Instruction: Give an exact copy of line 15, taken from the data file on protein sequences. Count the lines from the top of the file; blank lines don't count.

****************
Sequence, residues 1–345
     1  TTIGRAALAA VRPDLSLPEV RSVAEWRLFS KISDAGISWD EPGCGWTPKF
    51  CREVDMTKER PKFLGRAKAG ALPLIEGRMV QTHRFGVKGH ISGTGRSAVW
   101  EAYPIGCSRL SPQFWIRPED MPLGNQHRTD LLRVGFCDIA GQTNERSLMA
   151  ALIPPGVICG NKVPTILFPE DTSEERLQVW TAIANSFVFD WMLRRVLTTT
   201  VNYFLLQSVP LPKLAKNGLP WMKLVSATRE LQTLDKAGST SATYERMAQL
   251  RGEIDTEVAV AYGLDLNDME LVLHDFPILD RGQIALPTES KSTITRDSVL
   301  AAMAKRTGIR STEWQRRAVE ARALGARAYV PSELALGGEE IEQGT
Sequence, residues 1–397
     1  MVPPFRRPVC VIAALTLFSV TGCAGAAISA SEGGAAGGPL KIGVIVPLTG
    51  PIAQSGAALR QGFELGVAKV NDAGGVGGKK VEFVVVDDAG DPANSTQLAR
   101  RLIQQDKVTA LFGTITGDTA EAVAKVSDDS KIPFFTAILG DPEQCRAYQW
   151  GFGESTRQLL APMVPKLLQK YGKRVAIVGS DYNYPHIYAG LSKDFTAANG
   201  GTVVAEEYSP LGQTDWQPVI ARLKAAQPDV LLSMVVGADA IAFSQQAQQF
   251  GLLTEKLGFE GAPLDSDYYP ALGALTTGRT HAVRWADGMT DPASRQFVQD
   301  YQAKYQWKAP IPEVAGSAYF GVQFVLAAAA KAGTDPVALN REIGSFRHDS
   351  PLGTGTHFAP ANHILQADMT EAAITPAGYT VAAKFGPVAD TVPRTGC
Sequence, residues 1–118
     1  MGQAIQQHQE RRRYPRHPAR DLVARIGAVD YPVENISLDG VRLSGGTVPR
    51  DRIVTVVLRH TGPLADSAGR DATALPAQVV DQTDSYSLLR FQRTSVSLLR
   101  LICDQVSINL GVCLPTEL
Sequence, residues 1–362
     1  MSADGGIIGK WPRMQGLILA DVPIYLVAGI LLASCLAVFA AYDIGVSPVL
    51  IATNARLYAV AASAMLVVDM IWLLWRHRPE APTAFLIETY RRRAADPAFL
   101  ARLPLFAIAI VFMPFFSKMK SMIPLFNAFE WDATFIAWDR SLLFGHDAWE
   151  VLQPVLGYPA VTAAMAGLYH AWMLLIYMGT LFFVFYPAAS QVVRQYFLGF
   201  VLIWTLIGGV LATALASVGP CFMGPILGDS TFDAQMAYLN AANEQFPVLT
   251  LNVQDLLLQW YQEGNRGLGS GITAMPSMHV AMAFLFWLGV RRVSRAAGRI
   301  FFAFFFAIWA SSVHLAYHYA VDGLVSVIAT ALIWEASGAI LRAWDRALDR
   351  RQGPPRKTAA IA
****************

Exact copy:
   251  GLLTEKLGFE GAPLDSDYYP ALGALTTGRT HAVRWADGMT DPASRQFVQD